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S.A.C. Gould, J.B. Shulman*, D.A. Schiraldi, M.L. Occelli. 1999. Atomic Force Microscopy (AFM) Studies of Liquid Crystalline Polymer (LCP) Surfaces. Journal of Applied Polymer Science 74: 2243-2254. Full Article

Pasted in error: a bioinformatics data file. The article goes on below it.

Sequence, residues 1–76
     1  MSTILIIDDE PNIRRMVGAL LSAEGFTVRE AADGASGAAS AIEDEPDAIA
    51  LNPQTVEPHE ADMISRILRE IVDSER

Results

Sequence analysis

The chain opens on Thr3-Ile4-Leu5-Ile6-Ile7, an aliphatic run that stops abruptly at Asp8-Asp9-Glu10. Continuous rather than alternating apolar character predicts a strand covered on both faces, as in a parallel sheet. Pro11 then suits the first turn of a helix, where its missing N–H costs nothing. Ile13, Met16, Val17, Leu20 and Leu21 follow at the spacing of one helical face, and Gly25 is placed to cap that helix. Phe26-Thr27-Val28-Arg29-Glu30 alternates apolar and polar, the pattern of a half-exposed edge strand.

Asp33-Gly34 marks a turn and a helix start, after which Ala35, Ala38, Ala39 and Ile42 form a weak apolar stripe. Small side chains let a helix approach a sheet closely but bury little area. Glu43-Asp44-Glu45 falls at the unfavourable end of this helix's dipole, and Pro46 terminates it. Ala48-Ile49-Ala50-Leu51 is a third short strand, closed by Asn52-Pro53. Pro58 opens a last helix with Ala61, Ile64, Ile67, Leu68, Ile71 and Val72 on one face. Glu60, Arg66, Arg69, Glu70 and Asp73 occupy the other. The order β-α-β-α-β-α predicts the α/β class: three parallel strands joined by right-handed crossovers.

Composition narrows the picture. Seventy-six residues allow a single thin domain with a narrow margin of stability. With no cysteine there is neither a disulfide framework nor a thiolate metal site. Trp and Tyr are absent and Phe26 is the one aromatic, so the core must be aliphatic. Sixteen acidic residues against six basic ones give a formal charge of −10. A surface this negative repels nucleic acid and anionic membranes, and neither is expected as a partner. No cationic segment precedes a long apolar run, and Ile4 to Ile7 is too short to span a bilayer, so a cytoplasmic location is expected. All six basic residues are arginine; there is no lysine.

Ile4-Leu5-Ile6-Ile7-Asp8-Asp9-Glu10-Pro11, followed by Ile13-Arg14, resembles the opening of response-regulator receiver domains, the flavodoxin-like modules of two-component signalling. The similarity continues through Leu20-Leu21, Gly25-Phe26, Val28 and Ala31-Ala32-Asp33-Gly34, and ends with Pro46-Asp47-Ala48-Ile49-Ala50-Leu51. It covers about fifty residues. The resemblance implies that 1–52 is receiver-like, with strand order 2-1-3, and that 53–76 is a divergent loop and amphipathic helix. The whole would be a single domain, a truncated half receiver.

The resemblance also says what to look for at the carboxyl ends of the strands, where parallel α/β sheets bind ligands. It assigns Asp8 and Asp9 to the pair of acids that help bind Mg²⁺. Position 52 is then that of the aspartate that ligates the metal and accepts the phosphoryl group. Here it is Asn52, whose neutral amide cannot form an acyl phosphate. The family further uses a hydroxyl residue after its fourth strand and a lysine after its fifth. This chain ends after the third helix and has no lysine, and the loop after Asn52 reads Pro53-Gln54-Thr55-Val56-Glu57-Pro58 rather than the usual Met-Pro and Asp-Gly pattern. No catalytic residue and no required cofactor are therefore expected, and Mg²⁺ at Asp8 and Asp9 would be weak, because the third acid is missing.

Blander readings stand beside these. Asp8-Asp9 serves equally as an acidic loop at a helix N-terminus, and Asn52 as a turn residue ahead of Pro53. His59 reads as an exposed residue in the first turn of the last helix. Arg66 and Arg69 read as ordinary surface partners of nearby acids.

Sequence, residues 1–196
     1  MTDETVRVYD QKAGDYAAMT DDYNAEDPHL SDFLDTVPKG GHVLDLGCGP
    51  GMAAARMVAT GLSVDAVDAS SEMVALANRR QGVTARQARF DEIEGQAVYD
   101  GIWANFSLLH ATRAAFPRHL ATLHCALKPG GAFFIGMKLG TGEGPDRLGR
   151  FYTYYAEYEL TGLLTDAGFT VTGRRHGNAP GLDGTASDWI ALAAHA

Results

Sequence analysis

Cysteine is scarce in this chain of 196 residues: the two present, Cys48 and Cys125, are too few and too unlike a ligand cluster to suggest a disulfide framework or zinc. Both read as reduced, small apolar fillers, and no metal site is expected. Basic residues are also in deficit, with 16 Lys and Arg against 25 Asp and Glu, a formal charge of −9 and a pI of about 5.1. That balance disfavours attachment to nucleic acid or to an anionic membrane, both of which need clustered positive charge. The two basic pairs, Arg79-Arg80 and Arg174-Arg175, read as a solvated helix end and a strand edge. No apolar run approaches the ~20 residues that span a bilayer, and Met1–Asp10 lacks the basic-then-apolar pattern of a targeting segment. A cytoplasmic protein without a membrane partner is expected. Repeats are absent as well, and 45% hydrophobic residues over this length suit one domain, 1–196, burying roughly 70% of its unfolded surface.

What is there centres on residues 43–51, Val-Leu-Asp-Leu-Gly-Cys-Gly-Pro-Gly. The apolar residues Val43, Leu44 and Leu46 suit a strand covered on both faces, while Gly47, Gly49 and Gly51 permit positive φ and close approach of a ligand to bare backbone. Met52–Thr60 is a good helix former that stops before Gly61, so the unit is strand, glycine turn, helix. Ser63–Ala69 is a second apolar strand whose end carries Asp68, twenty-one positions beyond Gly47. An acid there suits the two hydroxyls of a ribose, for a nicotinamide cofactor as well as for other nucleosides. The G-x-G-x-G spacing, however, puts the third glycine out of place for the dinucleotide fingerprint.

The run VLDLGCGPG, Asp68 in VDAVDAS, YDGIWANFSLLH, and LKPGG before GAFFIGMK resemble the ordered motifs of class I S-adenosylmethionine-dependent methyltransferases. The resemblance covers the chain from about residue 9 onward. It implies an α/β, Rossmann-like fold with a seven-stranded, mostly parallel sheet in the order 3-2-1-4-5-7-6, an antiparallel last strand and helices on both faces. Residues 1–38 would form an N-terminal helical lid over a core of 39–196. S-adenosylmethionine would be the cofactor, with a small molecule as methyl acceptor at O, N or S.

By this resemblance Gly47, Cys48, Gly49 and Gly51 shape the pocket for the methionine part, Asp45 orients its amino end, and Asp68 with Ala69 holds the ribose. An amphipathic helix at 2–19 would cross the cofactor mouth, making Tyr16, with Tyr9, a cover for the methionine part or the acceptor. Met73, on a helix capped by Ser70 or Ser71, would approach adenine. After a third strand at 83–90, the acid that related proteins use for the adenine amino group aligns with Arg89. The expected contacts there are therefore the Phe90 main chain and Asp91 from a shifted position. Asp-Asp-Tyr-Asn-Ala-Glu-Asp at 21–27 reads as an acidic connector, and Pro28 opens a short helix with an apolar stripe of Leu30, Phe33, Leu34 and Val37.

An atomic force microscope (AFM) operating in tapping or contact mode was used to study the surface topography and the molecular organization of Vectra-A and Vectra-B films. Large-scale (15 15 m) AFM images revealed that ribbonlike fibrils with a width/height 1.0 are the dominant surface features of these liquid crystalline polymers (LCPs). The region of local disorder, surface debris, and interfibrillar debris as well as possible amorphous regions were observed in both LCP samples. Large fibrils, 5.0-10.0 m in width, can be thought of as formed by smaller microfibrils capable of forming ordered structures. Microfibrils can bend upward, forming raised surface features; bend inward, originating cracks 1-2 m wide on the film surface; or divide and subdivide into smaller units. Longitudinal and lateral stresses are believed responsible for the variation in fibril size, shape, and orientation. AFM images containing molecular-scale details showed that microfibrils consists of chains of molecules coiled around a central axis and that they can be only about 2.0 nm wide. These submicron surfaces consist of white spots (representing molecules) that can form ordered structures or that can cluster to form agglomerates distributed in a random manner. Submicron fibrils are believed to represent the LCP basic structural unit. AFM results indicate that the surface topography of Vecta-B is more ordered and uniform than is the one observed for Vectra-A. Seemingly, amorphous particles form debris on Vectra-A surfaces. Short rods oriented crosswise on the fibril surface are instead what increases the Vectra-B roughness. These LCPs can have a surface topography similar to the one observed in AFM images of a spiderweb. However, the spiderweb fibrils are formed by more uniform microfibrils that are oriented parallel to each other.

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